$2.99 lemonade and other summer drinks

When I was 9 or 10, spending weeks of the summer with family in upstate New York, my aunt made us homemade lemonade by mixing Crystal Light lemonade according to the package instructions and then adding fresh orange slices on top. I still distinctly remember the way that lemonade tasted - the refreshing sour of the oranges and the super strong sweetness of the Crystal Light. That's the taste of summer to me!

She also made "sun tea iced tea" by putting tea bags and cold water into a cleaned-out mayonnaise jar and sitting it in a sunny spot on the back porch to brew. I don't know how the brewing method alone could leave a signature taste in the tea, but I sware you could taste the "sun" in that sun tea. My family called it "sun tea iced tea" to differentiate it from iced tea made with the store-bought Nestea powder. Like the Eskimos who have multiple names for snow because they have so much of it, our family created multiple names for iced tea since we drank so much of it.

All last weekend I had the perfect glass of lemonade and iced tea on my mind. I had some lemons left over from the tuna nicoise I made the weekend before, but I never took the time to juice the lemons and make a lemonade. CQ and R* aren't huge fans of iced tea, so I didn't try that either -- but maybe I can woo them with "sun tea iced tea" made on my fire escape, once the summer really heats up.

Yesterday, I had a lunch time doctor's appointment in Chelsea. This gave me the chance to pick up lunch at the Dirty Bird To Go. They've received so much buzz so I had to see what's up. I got the fried chicken, the dirty rice and a lemonade. I almost canceled the lemonade when I saw they charged a Starbucks-like gouging $2.99 for the lemonade, but their menu promised "homemade" so, though I don't think my aunt would of approved of the purchase and she would have been even less happy with how long I had to wait to get my food, I decided I would hold out. The chicken and rice were okay, way too much pepper for me, but the lemonade is the real story for me: the best lemonade I ever tasted. Strong fresh lemon flavor and sweetness that could somehow be luxuriously syrupy without being sicky sweet. How do they do it and, well, must they really charge $2.99 for it?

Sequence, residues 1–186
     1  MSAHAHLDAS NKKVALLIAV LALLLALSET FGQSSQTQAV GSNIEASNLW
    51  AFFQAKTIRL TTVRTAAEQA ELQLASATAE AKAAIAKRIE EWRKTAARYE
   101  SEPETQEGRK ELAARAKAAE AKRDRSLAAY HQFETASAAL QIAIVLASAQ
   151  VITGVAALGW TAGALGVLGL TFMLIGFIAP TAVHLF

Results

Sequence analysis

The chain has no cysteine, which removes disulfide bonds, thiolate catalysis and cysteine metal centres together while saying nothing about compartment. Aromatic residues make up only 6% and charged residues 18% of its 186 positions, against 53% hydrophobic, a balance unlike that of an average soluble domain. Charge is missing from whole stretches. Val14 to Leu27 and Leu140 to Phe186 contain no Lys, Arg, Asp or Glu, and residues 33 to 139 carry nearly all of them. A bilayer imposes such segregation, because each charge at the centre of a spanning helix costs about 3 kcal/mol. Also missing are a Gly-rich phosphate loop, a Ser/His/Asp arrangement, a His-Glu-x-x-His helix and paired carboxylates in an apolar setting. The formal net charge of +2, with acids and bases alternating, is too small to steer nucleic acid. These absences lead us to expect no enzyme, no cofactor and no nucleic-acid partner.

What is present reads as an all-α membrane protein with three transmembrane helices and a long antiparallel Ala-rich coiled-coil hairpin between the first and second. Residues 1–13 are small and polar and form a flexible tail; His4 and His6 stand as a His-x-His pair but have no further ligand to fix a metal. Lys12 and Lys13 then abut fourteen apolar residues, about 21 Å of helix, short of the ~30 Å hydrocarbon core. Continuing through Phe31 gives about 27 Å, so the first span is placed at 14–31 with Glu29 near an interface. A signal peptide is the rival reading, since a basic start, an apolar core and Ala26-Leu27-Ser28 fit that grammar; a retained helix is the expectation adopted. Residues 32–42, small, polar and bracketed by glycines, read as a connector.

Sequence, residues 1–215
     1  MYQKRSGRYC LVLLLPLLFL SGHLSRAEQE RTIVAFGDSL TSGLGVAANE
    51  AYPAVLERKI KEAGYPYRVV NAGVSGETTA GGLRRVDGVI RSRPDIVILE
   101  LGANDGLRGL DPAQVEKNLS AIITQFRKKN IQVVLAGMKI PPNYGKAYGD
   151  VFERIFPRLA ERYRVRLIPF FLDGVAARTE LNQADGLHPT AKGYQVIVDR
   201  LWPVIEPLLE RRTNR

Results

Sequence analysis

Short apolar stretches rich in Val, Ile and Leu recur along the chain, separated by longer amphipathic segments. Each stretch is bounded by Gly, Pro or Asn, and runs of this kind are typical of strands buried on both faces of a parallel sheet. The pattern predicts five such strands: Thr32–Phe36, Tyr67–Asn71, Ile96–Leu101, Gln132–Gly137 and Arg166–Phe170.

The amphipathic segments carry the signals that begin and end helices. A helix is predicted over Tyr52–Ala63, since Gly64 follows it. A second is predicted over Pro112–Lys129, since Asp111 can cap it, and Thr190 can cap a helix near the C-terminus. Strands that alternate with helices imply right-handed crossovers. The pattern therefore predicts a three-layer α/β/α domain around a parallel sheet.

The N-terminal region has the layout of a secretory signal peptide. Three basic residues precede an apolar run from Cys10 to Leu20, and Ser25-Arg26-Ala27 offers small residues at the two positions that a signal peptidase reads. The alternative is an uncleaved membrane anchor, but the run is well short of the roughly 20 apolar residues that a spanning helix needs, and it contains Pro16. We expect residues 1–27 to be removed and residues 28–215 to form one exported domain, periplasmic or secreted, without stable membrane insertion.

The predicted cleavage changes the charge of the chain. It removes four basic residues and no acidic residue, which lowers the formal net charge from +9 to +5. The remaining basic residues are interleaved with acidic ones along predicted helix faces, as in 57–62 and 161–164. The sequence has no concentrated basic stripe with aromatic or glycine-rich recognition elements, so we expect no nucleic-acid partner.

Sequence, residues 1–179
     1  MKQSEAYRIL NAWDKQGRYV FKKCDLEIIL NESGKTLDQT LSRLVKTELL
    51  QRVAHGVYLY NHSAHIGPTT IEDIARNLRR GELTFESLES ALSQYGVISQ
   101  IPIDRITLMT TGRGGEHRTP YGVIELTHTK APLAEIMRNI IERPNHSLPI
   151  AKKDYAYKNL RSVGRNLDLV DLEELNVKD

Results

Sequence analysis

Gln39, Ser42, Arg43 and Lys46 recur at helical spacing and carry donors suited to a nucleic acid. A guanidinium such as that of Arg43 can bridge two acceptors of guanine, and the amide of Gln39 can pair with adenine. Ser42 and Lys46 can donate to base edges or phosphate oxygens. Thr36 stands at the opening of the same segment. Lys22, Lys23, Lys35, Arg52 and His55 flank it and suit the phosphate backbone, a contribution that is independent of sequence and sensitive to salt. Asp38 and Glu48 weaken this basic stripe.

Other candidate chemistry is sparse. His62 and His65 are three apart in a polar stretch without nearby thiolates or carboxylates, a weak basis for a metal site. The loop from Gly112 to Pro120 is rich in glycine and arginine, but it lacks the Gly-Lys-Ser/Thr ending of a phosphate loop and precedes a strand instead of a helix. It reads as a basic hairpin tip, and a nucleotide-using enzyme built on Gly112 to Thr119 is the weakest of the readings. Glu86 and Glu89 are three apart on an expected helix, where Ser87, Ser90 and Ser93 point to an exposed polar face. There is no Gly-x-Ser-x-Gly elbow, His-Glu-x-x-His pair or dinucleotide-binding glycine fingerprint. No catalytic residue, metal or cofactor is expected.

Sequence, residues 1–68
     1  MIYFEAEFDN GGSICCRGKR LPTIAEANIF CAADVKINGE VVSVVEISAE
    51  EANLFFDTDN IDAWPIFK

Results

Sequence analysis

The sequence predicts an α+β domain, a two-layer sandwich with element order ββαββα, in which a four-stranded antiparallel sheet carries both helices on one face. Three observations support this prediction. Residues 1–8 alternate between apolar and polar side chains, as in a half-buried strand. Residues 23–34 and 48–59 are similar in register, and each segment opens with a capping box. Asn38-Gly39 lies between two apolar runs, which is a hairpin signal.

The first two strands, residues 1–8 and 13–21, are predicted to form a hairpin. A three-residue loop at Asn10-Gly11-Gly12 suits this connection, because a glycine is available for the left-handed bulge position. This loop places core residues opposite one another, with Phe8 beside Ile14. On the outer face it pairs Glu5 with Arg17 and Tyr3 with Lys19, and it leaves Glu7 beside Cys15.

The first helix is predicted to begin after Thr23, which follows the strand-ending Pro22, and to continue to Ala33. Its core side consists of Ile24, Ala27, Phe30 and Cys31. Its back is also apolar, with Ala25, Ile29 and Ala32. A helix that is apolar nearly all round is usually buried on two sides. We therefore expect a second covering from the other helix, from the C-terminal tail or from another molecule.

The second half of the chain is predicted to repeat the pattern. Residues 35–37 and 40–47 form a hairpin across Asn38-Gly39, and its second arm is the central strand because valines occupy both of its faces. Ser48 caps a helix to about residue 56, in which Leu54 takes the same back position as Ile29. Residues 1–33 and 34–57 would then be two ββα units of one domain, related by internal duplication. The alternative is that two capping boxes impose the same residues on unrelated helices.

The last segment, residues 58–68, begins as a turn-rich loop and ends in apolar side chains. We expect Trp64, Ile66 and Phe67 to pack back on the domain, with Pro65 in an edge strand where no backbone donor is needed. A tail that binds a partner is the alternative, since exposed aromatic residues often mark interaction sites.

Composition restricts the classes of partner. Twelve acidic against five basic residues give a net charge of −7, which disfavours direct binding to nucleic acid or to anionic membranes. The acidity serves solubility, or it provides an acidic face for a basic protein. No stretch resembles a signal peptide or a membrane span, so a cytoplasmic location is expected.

I think they used either turbinado sugar or brown sugar in their recipe. That must have been the source of the rich "down home" flavor in their lemonade. I wonder if they cooked the syrup or just blended the brown or turbinado sugar right into the water without heating it. Does anyone have their recipe or suggestions of other lemonade recipes to try?

Also, I've reached a small personal goal and I wanted to say thank you. The 1,000th visitor stopped by the Electric Stove today. So thanks for visiting the site and a big cheers (in the spirit of this post, we can use lemonade instead of champagne) to A Chicken in Every Granny Cart , Apartment Therapy: The Kitchen and Food Porn Watch for linking to me and introducing some new people to my Electric Stove.


Pennsylvania "Cookbook Empire"

You'd think that most best selling cookbooks would come from New York City, home of Food Network and all the publishing houses. Instead, as today's the cover of today's NY Times points out, Phyllis Pellman Good has started successful "Fix-It and Forget-It" series out of her home in Lancaster, PA -- which is not so far from where I grew up and very close to where one of my brothers now lives.

Congratulations to Phyllis for making the front page of the Times.

I love cabbage noodles and make them at home using my own recipe that I made up as a I went along: egg noodles, cabbage, onions, butter, salt and pepper and lots more butter. I wonder of she has a cabbage noodle recipe for me?

In the article Christopher Kimball from Cook's Illustrated dresses down the sizzling new world of food media:

"I think the food media has been responsible for creating this whole world of faux food, and this is a media largely consumed by people who eat out six times a week," he added. "We are not all served by thinking of food as a special-occasion product."

Christopher "Killjoy" Kimball is right that cooking every day is a certain kind of discipline and home cooking isn't all about stainless steel appliances and impressing your friends with your wine selections. Still, I don't see what he gains -- besides being quotes on the cover of the Times -- from being such a wet blanket.

The patchwork potholders and kountry kanisters featured on the covers of these cookbooks have been enough to scare me away from them in the past, but I do like the easy to cook with spiral binding. The title also confused me since Fix-It and Forget-It sounded like it was related to Ron Popeil's "Set It and Forget It Rotisserie."